THE GREATEST CONTRIBUTION TO THE COMMUNITY IS LETTING THE SENIORS ENJOY THEIR LIFE AND BE INCLUSIVE IN THE COMMUNITY WITH ALL THEIR CHALLENGES THEY HAVE…DANIEL , A PARKINSON SENIOR IS AN EXAMPLE OF SUCH A GREAT ACT OF BRAVERY.
In all the groups dance performances Daniel is in the middle and the only male senior . Please get a glimpse of his courage . Our next performance is for Canada Day at the Aga Khan Museum .
For details of Munni Subhani’s dynamic personality please click below:
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Transcript for the Article:
GTA Kathak Students Dance Their Troubles Away
Munni Subhani doesn’t claim to know a clinical definition of dance therapy. “But in my heart,” she says, “I always knew that dancing is therapeutic. For me, dance isn’t just a body movement, but something deeper and more spiritual.”
Subhani, has taught the north Indian classical dance Kathak for years at her dance school in Toronto. She says she has found that dance benefits not only the body, but the soul as well, boosting self-esteem, promoting emotional well-being and fostering cultural connections.
Music has been part of Subhani’s life since her childhood in Bangladesh, where she studied under a disciple of world-renowned dance Birju Maharaj and grew up performing for foreign dignitaries and at international festivals. Continuing to dance and sing when she moved to Toronto in the late 1970s was not without its challenges. “Like most other immigrants with young kids, I was caught up in settlement issues,” she says. “But I was determined to find a way to continue the arts because it’s like breathing for me.”
“Teaching is the next best thing to performing,” says Subhani. So about three years later, the Lamis School of Music and Dance was born. “I started off modestly from home, but my classes soon grew into 100 students so I had to rent a studio.” As she raised her three children, Subhani found that dance and music kept her emotionally balanced. “The dance classes doubled as workout and wellness for me.”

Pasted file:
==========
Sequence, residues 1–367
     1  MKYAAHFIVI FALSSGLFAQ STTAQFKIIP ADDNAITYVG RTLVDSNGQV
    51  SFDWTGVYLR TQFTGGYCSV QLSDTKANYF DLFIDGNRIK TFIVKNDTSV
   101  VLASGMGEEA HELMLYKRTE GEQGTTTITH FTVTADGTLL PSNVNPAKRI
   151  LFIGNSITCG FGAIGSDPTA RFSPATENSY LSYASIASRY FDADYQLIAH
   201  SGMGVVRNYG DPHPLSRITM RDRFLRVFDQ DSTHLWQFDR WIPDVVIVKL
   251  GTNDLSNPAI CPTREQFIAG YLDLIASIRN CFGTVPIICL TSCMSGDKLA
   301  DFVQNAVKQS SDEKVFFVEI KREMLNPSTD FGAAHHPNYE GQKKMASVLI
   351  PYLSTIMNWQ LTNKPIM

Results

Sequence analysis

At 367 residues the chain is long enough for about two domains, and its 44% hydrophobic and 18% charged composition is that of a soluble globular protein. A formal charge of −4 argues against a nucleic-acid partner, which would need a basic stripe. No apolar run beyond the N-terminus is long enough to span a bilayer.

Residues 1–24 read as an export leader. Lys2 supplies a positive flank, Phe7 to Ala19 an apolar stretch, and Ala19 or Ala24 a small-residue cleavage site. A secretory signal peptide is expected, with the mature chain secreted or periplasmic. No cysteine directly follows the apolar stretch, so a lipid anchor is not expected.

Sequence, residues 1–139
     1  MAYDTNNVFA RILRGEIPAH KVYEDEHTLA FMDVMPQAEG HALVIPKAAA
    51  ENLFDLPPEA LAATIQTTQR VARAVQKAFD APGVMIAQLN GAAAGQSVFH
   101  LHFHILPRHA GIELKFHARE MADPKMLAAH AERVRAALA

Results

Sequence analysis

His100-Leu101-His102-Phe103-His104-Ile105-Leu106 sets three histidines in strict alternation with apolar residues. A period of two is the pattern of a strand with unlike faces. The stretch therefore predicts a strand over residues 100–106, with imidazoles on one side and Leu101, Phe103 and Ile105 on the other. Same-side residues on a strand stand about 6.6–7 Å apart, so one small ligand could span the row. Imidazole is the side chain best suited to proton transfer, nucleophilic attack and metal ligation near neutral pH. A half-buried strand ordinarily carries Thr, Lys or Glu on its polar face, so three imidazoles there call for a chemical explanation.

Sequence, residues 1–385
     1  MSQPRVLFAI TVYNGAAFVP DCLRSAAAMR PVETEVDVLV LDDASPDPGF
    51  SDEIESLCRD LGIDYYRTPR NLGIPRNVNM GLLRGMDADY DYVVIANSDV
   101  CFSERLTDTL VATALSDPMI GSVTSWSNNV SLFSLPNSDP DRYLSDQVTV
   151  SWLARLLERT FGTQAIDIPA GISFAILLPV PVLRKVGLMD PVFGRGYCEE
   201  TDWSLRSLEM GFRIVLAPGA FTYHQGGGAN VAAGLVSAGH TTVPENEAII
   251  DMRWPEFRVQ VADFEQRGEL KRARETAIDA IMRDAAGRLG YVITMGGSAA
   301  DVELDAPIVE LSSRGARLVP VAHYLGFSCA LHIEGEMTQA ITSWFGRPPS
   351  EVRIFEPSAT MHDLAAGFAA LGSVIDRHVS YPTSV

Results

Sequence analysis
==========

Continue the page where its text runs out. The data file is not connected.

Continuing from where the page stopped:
Subhani’s reputation as a teacher spread through the South Asian community in Toronto – and beyond – in the 1980s. In the late ’80s, Subhani and her husband, Afzal, a composer and singer, were invited to teach dance in Fredericton, N.B. It was there that Subhani, faced with a 5-year-old pupil with acute asthma, became aware of the power of dance as therapy.
“She passionately wanted to dance but was afraid to try due to her breathing problem,” Subhani recalls. “I told her, ‘Trust me,’ and started slowly teaching her the ABCs of dance.” The girl started dancing and found it easier to breathe, even performing in a recital as the three-week class came to an end.
“I knew then what I had to do.”
Back in Toronto, Subhani began teaching dance as rehabilitation, using movements based on Kathak. Her approach to teaching dance changed, as did her students, who are of all ages and ethnicities and come together for a range of reasons.
Yasmeen Merali of Toronto first visited Subhani five years ago. Merali, in her mid-50s, was severely asthmatic and has only one kidney. “I learned a few moves for 10 minutes and had to sit down for an hour and a half, due to my asthma. Today I can dance for two hours and breath much better. Dance has been a great strength for me.”
Nasim Haider has watched Subhani teach for years. She turned to her a few years ago when she became ill and was advised to lose weight before undergoing surgery, “I was really depressed so I called Munni, who has always guided me… Although I have a treadmill at home, when I started dance therapy, I lost weight and started feeling better all round. My ankles used to be swollen and now they are back to normal. My whole family is amazed at the change in me – I love dance therapy and feel renewed!”
Subhani says it’s been a journey for her as well as her students. “As long as they feel the movement, the music and the magic, it work. I’m not trying to physically heal their wounds or be a substitute for medication, but to provide a fun, healthy and appealing alternate which is a musical mingling of the body, mind and soul.”